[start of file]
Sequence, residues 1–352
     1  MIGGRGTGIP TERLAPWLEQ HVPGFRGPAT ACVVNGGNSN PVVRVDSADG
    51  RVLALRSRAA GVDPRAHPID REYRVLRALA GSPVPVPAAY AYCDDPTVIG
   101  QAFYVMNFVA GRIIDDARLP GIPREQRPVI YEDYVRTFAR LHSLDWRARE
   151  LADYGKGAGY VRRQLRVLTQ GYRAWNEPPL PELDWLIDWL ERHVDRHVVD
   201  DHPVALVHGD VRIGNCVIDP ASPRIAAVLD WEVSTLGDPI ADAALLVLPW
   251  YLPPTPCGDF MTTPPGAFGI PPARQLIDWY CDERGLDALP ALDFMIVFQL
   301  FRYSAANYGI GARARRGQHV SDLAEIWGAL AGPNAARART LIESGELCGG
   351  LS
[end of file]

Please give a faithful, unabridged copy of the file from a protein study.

Sequence, residues 1–352
     1  MIGGRGTGIP TERLAPWLEQ HVPGFRGPAT ACVVNGGNSN PVVRVDSADG
    51  RVLALRSRAA GVDPRAHPID REYRVLRALA GSPVPVPAAY AYCDDPTVIG
   101  QAFYVMNFVA GRIIDDARLP GIPREQRPVI YEDYVRTFAR LHSLDWRARE
   151  LADYGKGAGY VRRQLRVLTQ GYRAWNEPPL PELDWLIDWL ERHVDRHVVD
   201  DHPVALVHGD VRIGNCVIDP ASPRIAAVLD WEVSTLGDPI ADAALLVLPW
   251  YLPPTPCGDF MTTPPGAFGI PPARQLIDWY CDERGLDALP ALDFMIVFQL
   301  FRYSAANYGI GARARRGQHV SDLAEIWGAL AGPNAARART LIESGELCGG
   351  LS